The Sonic Reinvention of St. Vincent’s ‘MASSEDUCTION’

The cover for St. Vincents stripped down album MassEducation. (via

The cover for St. Vincent’s stripped down album “MassEducation.” (via

Michael Muth, Staff Writer

In the music industry, it’s adapt or die. If you want to survive, you have to stay relevant, which is why bands are constantly trying out new quirks and sounds. From DJ remixes to acoustic covers, musicians try out new sounds like they’re trying on outfits. Annie Clark, better known by her stage persona St. Vincent, has taken her seat at the table of reinvention — celebrating the one-year anniversary of her critically-acclaimed album “MASSEDUCATION” with a stripped-back cover album, “MassEducation.”

The low-flying pop enigma partnered up with pianist Thomas Bartlett to take her 2017 LP filled with glitz, glamor, paranoia and secrets to produce a starkly different album. The atmosphere is almost unrecognizable — filled with vulnerable vocals and beautiful, sloping hills of piano. In Clark’s “MASSEDUCTION,” the tracks vary from robotic beats such as on “Los Ageless” to swelling orchestral sounds as seen on her confession-filled “Slow Disco.” In the reinvented “MassEducation,” Clark channels these varied approaches into one realm of intimacy and reflection where the listener has no choice but to appreciate the artist’s musicality as told through lyrics, melodies and the reliable accompanist of a piano.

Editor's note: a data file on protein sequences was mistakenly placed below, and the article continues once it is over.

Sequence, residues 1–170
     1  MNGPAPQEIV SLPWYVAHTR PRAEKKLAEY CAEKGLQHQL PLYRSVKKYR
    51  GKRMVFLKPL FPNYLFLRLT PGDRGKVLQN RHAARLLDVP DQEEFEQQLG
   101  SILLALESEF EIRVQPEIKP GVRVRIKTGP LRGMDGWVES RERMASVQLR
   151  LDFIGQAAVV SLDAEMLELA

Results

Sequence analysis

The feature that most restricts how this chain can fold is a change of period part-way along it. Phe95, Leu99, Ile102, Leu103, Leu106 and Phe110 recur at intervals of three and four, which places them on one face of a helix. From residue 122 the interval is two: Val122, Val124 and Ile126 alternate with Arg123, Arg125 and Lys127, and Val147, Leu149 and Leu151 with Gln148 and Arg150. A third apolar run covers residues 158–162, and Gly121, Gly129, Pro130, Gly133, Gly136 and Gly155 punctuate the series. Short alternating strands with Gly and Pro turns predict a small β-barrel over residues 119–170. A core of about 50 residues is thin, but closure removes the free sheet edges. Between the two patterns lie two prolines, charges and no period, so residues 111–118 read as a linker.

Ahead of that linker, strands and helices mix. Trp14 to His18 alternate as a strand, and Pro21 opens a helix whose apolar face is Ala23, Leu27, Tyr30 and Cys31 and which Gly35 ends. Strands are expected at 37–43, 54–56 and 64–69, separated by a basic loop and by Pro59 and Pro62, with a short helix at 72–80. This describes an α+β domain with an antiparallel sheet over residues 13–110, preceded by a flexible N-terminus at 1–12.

Acoustic covers serve one purpose, but “MassEducation” does not quite emulate the standard acoustic cover album. For one, although the two albums keep the same tracklists, Clark reordered the songs. This subtle yet deliberate decision is just one indicator of the unique artistic intentions behind the album’s quieter, fraternal twin sister.

In a snapshot, “MassEducation” can best be summarized as an intimate yet passion-laced confession to make up for any misinterpreted messages that might have been hidden behind the smoke and mirrors of “MASSEDUCTION.” Though she leans on a simple piano accompaniment in the remake, the finished product is insidiously complex — her vocals swell with the same anger, tension and raspy whispers that mark the original album.

“Fear the Future” and “Young Lover” are two of the greatest reimaginations, somehow maintaining “MASSEDUCATION’s” same intensity without  banking on subwoofer basslines and electronic orgasms from guitar trills and MIDI keyboard manipulations. On the other end of the spectrum, Clark’s heartbreaker “New York” and ephemeral “Slow Disco” find themselves in a more reserved space sonically.

If you’re a pop music junkie who hasn’t yet added St. Vincent to your edgy Spotify playlist, try spending this weekend back-to-back binging these two albums because they really do compliment each other. “MassEducation” is the settled sky after the storm that is “MASSEDUCTION.”

Email Michael Muth at [email protected].